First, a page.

It is easy to forget just how much of a whopper Ireland’s bubble was. But my focus is on the post-crisis investment opportunities created in Ireland as a result. In short, I’m bullish on the Emerald Isle, and I have a way for you to invest there.
First, I want to give you some memorable snapshots of how crazy things got at the heights of 2006…and also in the depths of November 2010.
You may remember Michael Lewis’ story on Ireland, “When Irish Eyes Are Crying,” in Vanity Fair in March 2011. As he noted, by 2006, a fifth of the Irish workforce was building houses. The construction industry alone grew to become a quarter of the whole economy — compared with 10% for a “normal” economy.
Ireland was building half as many houses as the UK, which had 15 times more people. And the price of an average house in Dublin soared 500% from 1994 to 2006. “In parts of the city,” Lewis wrote, “rents had fallen to less than 1% of the purchase price. That is, you could rent a million-dollar home for less than $833 per month.” That’s a price-earnings ratio of 100 times on Irish homes!
When it all went bad, the rottenness was equally stunning. Anglo Irish Bank — older than Ireland itself — lost nearly half of the money it lent out, most of it to Irish property developers. In total, Anglo lent the equivalent of all its depositors’ money to Irish developers. “By 2007,” Lewis writes, “Irish banks were lending 40% more to property developers and speculators than they had to the entire Irish population seven years earlier.”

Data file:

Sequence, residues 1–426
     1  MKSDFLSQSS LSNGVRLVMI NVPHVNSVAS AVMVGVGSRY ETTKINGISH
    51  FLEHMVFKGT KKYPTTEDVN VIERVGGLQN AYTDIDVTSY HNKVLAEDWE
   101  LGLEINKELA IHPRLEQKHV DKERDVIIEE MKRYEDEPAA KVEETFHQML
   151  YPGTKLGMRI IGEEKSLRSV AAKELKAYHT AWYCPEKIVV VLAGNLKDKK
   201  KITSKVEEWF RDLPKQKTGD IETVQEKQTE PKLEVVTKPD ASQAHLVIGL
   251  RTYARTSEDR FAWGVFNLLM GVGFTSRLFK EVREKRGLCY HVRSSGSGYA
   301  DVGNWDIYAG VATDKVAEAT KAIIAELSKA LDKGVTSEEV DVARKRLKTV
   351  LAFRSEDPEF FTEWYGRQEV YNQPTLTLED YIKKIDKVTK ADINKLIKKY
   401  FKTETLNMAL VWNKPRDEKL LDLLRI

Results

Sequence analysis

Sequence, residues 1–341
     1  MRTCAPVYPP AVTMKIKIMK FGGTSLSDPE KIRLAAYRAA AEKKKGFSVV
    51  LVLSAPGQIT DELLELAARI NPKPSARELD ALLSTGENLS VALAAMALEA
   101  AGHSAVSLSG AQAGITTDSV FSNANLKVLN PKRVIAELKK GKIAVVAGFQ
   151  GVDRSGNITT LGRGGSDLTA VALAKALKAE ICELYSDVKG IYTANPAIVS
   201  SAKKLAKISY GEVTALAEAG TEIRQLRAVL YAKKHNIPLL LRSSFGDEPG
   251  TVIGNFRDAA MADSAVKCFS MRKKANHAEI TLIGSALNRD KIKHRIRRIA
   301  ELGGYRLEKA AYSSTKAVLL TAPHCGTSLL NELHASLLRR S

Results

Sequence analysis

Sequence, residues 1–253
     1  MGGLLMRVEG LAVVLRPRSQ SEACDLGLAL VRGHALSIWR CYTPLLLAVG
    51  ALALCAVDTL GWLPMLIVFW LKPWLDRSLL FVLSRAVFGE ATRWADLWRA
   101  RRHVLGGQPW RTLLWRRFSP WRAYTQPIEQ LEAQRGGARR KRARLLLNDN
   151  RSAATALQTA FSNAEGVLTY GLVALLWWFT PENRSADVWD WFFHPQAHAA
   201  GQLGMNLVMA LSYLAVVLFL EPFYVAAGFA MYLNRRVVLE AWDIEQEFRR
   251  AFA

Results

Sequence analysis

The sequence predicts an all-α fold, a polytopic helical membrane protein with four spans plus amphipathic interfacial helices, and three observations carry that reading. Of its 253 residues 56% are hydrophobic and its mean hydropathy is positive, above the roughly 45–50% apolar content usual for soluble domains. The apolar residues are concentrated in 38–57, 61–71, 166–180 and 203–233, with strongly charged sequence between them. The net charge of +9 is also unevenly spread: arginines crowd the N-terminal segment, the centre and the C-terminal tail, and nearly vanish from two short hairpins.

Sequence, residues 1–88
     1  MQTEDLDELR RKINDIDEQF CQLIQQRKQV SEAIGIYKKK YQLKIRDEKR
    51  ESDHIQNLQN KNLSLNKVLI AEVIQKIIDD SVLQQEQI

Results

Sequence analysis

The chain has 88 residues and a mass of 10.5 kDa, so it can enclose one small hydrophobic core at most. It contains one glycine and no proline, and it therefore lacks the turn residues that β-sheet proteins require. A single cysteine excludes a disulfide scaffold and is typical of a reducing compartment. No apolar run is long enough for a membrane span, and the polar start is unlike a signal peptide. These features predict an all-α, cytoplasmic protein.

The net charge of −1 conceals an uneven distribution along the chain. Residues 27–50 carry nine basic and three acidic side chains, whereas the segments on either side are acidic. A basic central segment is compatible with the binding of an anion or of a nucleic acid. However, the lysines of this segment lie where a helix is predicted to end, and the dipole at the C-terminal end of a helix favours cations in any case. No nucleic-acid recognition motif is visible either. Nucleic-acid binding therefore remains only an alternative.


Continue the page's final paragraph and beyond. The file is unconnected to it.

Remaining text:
Oh, but how things change. Markets never stand still. Here is Wilbur Ross, the shrewd old investor who loves to invest in broken things on the theory that they will mend: “Ireland is a high-tech economy with noncyclical exports, good infrastructure [and] a young workforce.”
There is much to like about Ireland. And investors have swooped in to pick up bargains. Irish commercial property prices, for instance, have fallen 65% since their peak in 2007. Dublin office space now yields a relatively plump 7%, and retail space pays 6%.
The preferred way into this market is to buy bank debt from Ireland’s distressed banks. For a time, Irish banks were reluctant to shed Irish property at discounts. Instead, they sold off non-Irish property loans first. But now, they are selling Irish property aggressively. In October, Lone Star, a private equity group, picked up $600 million in loans at a 60% discount off the face value of the notes.
The biggest investor in Irish assets this year? Let the Financial Times tell it:
Kennedy Wilson, which so far is the biggest private equity investor in Irish assets, is one of several groups that invested $1.44 billion to rescue the Bank of Ireland from state control in mid-2011. It also bought the bank’s real estate investment management business, as part of a rapid expansion of its European operations.